Facing the toughest battle of her political career, three-time Chief Minister Sheila Dikshit on Wednesday said she has kept her "fingers crossed" on the outcome of the election where the ruling Congress, Bharatiya Janata Party and new entrant Aam Admi Party are locked in a keen tussle.
"I will keep my fingers crossed," she said, refusing to show a victory sign when photographers at her residence requested for it. “It is premature.”
But later she was seen flashing the sign after casting her vote along with Congress chief Sonia Gandhi.
When asked whether she was worried about AAP's possible impact, Dikshit said "no".
Seventy-five-year-old Dikshit, who led the Congress to three consecutive electoral victories in Delhi, said her government ensured inclusive development in the last 15 years and hoped that people of the city will give the ruling party another opportunity to serve them.
"I am fighting the polls with confidence. We have ensured consistent development. We followed an agenda of inclusive development. We made Delhi the best city. The Opposition made tall claims and tried to defame us. But the people of Delhi know about our performance. I think they will vote considering what will be good for them," she said before stepping out of her residence to vote.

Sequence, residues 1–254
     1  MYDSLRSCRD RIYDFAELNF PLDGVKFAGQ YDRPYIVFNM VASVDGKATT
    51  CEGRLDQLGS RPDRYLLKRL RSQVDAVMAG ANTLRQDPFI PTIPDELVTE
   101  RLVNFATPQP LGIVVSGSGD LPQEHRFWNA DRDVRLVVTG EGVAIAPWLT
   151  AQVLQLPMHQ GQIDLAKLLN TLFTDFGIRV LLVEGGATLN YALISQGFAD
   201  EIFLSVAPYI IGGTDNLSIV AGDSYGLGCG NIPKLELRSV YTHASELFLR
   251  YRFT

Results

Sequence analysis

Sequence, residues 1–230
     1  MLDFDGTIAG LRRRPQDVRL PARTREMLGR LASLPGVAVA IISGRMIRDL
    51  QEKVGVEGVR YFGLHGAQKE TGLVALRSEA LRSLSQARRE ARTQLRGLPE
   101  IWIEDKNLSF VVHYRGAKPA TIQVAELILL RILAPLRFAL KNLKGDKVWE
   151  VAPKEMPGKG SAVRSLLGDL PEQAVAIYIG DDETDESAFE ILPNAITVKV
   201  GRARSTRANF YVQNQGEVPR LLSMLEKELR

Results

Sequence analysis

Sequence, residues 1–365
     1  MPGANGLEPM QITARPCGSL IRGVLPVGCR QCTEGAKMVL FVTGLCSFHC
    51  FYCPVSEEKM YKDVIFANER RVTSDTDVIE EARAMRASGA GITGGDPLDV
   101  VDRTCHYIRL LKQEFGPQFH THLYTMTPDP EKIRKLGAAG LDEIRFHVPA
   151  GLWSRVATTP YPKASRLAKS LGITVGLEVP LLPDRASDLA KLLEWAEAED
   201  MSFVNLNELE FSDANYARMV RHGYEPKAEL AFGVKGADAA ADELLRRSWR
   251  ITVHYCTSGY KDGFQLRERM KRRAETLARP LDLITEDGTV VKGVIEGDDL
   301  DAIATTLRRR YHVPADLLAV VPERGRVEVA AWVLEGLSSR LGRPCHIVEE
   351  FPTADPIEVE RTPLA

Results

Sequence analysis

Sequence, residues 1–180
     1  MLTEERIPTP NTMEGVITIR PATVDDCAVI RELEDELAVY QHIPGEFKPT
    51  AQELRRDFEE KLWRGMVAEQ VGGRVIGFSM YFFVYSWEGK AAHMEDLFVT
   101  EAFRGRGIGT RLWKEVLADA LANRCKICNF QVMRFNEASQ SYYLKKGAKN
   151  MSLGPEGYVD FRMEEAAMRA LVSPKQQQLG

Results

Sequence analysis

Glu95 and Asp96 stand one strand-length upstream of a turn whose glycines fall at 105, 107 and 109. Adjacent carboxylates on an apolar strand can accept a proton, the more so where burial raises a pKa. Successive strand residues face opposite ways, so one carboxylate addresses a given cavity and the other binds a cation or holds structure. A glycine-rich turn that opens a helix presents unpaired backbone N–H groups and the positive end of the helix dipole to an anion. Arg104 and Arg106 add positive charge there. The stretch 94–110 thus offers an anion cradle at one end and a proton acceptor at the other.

The entry of Arvind Kejriwal's AAP has changed the dimension of the fight in the polls and it will be interesting to see whether the newbie will just be a "spoiler" or win some seats as predicted by opinion polls, riding on its anti-corruption plank.
The chief minister is also facing a stiff fight in her New Delhi constituency where Kejriwal and former Delhi BJP chief Vijender Gupta are her main opponents.
Dikshit has been representing the constituency for the last 15 years and her development model will face tough test in the area, which comprises over 1.18 lakh voters, 60 per cent of whom are government employees and their families.
A recent opinion poll had predicted that Kejriwal may humble Dikshit in the constituency but she strongly debunked the survey result, questioning its credibility.